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Release date: 10.30am Tuesday, 2 February 2021
Link to report summary
Estimating the impact of audio-visual link on being granted bail
New research by the Bureau of Crime Statistics and Research (BOCSAR)
finds no evidence that appearing in court via audio-visual link (AVL) disadvantages
defendants’ in their access to bail.
Over the last decade there has been a steady increase in
defendants in custody appearing in court via AVL from a Correctional Centre
rather than appearing in-person. Prior
to the COVID-19 pandemic, AVL was already used in a third of all first bail
hearings in NSW. Since the pandemic,
however, this has increased dramatically, and most bail proceedings currently proceed
AVL use in courts offers considerable logistical and
efficiency benefits for Justice agencies including reduced defendant transport
and improved security. However, concerns
have been raised that the use of this technology could disadvantage
A new BOCSAR study considers whether defendants who appear in court via AVL receive less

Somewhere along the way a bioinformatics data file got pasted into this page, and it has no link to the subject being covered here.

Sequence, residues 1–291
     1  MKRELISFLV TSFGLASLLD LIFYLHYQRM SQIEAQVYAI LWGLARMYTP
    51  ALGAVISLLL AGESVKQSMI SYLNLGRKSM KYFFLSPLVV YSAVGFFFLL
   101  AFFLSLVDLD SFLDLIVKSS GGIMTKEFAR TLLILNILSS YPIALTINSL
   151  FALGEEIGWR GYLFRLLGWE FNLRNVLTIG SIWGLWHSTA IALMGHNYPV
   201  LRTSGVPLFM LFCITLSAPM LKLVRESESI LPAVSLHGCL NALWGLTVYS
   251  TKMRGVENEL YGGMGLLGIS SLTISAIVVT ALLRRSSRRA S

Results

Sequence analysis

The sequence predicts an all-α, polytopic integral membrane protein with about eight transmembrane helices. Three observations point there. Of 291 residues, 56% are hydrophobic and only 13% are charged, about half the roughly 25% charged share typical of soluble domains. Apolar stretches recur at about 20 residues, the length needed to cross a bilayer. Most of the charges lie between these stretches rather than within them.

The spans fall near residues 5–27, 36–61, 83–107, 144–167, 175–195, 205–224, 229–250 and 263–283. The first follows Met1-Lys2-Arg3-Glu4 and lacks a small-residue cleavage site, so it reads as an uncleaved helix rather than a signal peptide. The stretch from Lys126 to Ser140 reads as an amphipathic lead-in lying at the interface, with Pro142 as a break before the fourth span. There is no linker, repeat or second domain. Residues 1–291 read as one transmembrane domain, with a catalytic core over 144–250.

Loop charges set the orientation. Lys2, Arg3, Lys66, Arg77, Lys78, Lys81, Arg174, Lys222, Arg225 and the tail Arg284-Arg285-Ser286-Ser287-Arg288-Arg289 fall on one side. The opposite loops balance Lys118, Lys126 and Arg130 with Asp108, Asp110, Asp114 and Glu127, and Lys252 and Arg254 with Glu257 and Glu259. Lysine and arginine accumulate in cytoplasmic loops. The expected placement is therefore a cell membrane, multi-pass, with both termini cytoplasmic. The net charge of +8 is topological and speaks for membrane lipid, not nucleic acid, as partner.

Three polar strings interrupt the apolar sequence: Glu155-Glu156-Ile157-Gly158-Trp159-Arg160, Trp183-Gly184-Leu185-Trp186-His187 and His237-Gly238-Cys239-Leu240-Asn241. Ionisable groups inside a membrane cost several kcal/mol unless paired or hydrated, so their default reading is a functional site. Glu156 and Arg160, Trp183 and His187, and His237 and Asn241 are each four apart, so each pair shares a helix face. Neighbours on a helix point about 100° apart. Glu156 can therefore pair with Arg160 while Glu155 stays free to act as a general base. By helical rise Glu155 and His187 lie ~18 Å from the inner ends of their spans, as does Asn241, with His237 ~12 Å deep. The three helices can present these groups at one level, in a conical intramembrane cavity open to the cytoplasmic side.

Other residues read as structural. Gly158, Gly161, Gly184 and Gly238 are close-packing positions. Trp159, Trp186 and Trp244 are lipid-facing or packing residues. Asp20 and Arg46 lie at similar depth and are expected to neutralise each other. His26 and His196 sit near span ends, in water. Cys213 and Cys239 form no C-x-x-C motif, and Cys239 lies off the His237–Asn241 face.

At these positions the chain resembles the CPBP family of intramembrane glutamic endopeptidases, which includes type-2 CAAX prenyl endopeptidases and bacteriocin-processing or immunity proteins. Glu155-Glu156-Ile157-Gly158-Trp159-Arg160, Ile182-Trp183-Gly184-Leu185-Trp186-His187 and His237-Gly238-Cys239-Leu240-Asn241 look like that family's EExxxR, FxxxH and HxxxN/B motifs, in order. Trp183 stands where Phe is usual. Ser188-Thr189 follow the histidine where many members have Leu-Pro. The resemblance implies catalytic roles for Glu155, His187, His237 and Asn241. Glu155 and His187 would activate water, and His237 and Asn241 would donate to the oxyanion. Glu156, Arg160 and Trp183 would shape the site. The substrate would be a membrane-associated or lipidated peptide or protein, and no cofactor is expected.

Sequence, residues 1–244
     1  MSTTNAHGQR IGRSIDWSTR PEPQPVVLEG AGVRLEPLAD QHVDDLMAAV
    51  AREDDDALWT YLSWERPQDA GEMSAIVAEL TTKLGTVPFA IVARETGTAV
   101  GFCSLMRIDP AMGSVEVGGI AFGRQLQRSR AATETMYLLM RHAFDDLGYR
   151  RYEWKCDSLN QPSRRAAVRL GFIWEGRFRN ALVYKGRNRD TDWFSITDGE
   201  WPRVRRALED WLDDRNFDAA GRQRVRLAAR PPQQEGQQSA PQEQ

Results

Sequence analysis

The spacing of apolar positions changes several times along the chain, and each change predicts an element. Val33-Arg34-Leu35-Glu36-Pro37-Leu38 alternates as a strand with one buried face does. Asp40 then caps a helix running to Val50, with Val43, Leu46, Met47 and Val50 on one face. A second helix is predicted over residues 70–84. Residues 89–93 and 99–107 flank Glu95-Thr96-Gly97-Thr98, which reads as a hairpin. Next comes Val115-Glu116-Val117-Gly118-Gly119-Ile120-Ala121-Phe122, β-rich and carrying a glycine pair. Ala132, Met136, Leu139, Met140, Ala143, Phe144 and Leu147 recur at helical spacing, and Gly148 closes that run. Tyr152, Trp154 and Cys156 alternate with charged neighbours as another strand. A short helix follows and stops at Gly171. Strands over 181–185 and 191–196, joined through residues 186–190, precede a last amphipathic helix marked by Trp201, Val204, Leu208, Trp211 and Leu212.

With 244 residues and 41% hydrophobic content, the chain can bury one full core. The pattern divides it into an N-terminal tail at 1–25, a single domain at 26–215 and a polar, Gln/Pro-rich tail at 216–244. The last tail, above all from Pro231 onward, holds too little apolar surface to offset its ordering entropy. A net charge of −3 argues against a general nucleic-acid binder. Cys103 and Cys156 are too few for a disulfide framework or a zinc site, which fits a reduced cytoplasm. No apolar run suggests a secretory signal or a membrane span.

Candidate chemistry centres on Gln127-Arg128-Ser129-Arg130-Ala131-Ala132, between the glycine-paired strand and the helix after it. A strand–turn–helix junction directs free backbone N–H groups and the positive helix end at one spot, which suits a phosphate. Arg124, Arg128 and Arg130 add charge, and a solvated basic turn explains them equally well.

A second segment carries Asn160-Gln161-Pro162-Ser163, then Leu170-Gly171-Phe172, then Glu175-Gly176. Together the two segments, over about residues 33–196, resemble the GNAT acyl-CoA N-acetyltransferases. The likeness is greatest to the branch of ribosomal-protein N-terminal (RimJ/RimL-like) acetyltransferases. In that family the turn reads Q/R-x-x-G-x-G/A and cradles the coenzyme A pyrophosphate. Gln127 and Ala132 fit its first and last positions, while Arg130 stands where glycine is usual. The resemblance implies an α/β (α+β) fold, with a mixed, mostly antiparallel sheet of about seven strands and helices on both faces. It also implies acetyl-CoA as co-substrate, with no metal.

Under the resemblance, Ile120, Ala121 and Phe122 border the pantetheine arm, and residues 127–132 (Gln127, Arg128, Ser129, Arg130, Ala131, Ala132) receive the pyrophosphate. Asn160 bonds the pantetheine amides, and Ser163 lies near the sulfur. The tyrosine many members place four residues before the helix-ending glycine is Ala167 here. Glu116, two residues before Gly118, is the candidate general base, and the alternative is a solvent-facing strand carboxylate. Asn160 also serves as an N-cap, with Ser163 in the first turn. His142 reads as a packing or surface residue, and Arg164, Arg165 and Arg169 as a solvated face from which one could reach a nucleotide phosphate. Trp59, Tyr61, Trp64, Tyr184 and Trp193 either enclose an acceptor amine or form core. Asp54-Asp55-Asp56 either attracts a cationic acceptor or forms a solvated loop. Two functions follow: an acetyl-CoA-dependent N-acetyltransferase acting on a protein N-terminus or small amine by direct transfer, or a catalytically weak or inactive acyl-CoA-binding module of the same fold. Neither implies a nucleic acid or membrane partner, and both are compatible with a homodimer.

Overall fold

favourable bail decisions than those who appear in person.
To estimate the impact of appearing via AVL on bail
outcomes, we compared individuals who had their first court bail hearing via
AVL at two NSW Correctional Centres, Amber Laurel and Surry Hills, between Jan
2018 and Feb 2020, with similar individuals who had their first court bail
hearing over the same period.
different statistical approaches we found no meaningful difference in the
likelihood of bail refusal for defendants appearing via AVL at their first
court bail hearing compared with those appearing in person.
Fitzgerald, Executive Director at BOCSAR, welcomed the findings. “Equity of access is an important
underpinning of the criminal justice system.
Given the high stakes involved for defendants subjected to judicial
remand decisions it is reassuring that AVL does not appear to impact judicial
decisions. This is particularly
important given the increased use of AVL in modern court settings.”
Further enquiries: Jackie Fitzgerald, Executive Director 0423 139 687
Copies of the report: www.bocsar.nsw.gov.au